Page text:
As part of moves at ensuring that students dress decently on campus, authorities at Bugema University in Uganda have restricted female students from wearing miniskirts, lipsticks, earrings, and makeup when the next semester begins.
According to a directive from the management of the university, the above items and others such as sleeveless and open tops, coloured nail varnish, trousers and dresses above the knee line have all been banned.
“No student should come back with the above mentioned next semester. Culprits will face university disciplinary committee for serious action,” an excerpt of the notice, dated December 12, 2018, read.
“We have been taking these students through these rules, especially during their orientations but to our disappointment, some of them end up falling culprits of indecent dressing,” the university dean of students, George Mupaghasi told Ugandan media, New Vision in an interview.
The ban on the aforementioned items affects borders and day students, and its implementation started on Wednesday, December 12, 2018. Per the rules of the school, students are also entitled to give management prior notice before going anywhere.
“We have done this because in case any of our students get a problem along the way, we are held accountable so, we need to protect them as we reserve the positive image of the institution as well,”
“We need these students to dress in a respectful manner as stipulated in our university handbook” he added.
Bugema University began as a training school for teachers and pastors for the Seventh-day Adventist Church in 1948. It later changed its name from Bugema Missionary Training School to Bugema Missionary College and subsequently to Bugema Adventist College.
In 1976, the institution applied to offer Theology degrees but the Ministry of education and sports, and the General Conference of the Seventh-day Adventist, cleared the college to start offering bachelor’s degrees in different disciplines, said the New Vision. The institution is now called Bugema University.
In some universities in Africa, concerns over indecent dressing have triggered dress codes.
School authorities have usually been compelled to adopt dress codes for students or update the current form of clothing due to some cultural and moral values, as well as, academic and safety reasons.
For most universities, the move is to protect mostly female students from harassment and sexual violence.
Critics, however, argue that such dress code policies are a violation of their human rights and freedoms and have wondered the kind of correlation between dress and sexual harassment, or academic performance.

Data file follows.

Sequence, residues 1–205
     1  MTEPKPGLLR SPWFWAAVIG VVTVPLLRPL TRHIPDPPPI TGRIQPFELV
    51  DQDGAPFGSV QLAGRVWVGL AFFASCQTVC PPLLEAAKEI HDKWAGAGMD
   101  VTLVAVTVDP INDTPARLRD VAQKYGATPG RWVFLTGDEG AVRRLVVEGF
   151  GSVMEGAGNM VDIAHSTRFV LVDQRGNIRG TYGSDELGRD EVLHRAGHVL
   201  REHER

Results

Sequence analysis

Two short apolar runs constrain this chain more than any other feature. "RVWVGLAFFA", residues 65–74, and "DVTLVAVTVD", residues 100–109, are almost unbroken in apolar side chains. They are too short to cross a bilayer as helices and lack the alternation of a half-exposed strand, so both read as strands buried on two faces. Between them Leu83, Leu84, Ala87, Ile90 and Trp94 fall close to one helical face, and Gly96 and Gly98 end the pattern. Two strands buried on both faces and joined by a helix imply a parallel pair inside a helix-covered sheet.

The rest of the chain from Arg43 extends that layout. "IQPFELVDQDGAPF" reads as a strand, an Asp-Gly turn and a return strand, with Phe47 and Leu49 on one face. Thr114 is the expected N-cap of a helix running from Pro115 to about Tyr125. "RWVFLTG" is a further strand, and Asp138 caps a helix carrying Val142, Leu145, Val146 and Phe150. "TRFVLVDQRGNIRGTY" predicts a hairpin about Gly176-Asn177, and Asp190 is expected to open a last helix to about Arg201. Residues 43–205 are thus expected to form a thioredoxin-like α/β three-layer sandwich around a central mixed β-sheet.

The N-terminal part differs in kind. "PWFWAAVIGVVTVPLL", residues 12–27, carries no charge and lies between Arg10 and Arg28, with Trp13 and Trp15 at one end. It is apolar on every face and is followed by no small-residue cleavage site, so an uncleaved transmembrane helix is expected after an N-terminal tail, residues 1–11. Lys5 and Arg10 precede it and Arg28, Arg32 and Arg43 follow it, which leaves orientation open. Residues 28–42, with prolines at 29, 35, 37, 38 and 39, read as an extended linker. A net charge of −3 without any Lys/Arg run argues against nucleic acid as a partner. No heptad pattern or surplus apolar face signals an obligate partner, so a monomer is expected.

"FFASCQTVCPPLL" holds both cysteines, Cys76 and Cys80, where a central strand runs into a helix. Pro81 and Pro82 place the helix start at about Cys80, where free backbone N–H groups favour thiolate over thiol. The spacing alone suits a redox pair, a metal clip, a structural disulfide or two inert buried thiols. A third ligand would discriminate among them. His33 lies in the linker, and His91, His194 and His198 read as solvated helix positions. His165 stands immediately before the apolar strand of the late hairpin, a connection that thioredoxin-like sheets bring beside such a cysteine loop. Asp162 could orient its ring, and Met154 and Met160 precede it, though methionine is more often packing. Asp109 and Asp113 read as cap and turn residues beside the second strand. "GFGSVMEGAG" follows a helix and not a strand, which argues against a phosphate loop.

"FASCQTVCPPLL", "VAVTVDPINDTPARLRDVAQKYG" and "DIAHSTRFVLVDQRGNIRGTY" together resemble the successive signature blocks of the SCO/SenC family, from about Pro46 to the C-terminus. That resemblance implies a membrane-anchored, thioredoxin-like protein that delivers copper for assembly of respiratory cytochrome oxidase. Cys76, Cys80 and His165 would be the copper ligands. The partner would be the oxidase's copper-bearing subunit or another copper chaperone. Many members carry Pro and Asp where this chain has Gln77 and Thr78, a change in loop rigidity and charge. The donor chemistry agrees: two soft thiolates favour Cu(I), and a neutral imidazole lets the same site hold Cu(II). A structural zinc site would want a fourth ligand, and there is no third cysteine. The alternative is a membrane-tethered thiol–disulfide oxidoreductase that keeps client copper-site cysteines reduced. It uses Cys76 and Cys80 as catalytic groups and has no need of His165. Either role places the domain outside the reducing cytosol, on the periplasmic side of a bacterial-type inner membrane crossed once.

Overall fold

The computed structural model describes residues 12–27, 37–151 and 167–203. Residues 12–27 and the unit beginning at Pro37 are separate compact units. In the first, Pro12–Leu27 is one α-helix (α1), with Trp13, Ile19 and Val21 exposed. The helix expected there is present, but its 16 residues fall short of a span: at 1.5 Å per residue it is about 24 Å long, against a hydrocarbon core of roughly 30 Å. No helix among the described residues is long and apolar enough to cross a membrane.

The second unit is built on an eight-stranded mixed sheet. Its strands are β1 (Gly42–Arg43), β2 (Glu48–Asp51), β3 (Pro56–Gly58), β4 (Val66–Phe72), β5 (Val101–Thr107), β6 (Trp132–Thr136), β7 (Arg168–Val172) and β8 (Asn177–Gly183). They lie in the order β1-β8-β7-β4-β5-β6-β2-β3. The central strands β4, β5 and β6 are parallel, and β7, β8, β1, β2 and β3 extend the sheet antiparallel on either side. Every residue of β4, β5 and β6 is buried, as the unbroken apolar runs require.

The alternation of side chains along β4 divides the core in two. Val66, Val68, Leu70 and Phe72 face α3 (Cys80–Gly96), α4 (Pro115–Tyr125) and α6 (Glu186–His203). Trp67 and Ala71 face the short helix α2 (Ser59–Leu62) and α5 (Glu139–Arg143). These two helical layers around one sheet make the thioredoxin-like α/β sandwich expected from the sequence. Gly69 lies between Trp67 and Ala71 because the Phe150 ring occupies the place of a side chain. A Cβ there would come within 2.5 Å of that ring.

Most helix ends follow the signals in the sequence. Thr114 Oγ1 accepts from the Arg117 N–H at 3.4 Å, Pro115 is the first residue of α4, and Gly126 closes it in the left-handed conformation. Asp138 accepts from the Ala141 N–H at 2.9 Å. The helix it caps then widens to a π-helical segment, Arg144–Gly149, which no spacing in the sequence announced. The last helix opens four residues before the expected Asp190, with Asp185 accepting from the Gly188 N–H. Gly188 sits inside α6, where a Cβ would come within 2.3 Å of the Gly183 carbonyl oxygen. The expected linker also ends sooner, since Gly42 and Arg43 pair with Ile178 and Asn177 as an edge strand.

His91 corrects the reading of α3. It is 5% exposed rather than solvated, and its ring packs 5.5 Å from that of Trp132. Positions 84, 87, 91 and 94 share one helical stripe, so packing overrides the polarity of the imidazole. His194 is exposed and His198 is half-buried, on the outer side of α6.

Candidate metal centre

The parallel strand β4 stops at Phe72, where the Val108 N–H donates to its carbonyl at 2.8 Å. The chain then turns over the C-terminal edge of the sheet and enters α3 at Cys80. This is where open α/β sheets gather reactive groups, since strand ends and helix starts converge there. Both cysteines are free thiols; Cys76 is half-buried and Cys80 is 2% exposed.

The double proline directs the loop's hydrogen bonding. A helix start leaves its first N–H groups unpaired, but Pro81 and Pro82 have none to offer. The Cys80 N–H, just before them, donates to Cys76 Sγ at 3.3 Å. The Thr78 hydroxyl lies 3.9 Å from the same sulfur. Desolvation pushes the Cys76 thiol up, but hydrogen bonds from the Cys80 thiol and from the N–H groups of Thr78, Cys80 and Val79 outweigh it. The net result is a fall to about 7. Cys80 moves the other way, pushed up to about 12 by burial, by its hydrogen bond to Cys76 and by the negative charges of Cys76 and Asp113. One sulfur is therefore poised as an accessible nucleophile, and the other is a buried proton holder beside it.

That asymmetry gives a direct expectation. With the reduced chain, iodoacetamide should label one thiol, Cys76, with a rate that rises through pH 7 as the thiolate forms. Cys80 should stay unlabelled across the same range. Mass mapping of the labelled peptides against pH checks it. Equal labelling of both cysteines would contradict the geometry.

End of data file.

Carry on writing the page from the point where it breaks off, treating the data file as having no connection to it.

According to the University World News, a research paper from Uganda it cited that dealt with sexual harassment in medical schools recommends that administrators promote decent dressing of female students “to avoid luring males into sexual feeling and behaviours. Institutions should design decent uniforms for medical students where need be”.
Yet, most students across many African universities would have none of the above and would continue to raise issues as to why school authorities have made dress codes a major concern.
Here’s how people are reacting to the development from Bugema University:
It's always the girl child intimidation. Like seriously these Christian institutions are too canal I don't even get what they preach in their chapels.— 22Capricons?? (@annette_muhindo) December 20, 2018
Wonder how this makes someone a better student.— seguya Henry (@SeguyaHenry) December 20, 2018
It’s targeting female students and that makes it cultic and absolutely outrageous— Ongu Isaac (@onguisaac) December 20, 2018
Is it a secondary school?— JALIAH MAYALI (@JaliahMayali) December 20, 2018
We who teach the students love them like that they make u feel young again
— ntambi joseph Paul (@ntambipaul1) December 20, 2018
May be mini skirts but the rest looks to be wrongly thought of, the university is a free world unless they want it to be a secondary school
— lukanga gerald (@lukagero) December 20, 2018
Such restrictions actually urge the students to do exactly what is being restricted. Now,bangles for example…Bugema is such a joke…
— Laura mirembe (@MirembeLaura) December 20, 2018
This business of curtailing adults’ freedom should cease…these women may literally be left with no option but to wear gomesis.
— Pheobe Birara (@BiraraPheobe) December 20, 2018
— Michael Baki Winston (@MichaelBakii) December 20, 2018
Those affected have other options. What’s the correlation between learning and exposing body parts. Then you’ll blame humans for getting attracted & then sex-for-marks
— Mwambu MFred (@mfred_mfred) December 20, 2018
Not. Every community has the right to set up its own rules as regressive as they may seem. The great thing about life these days is we have options.
— linda mujja (@LMujja) December 20, 2018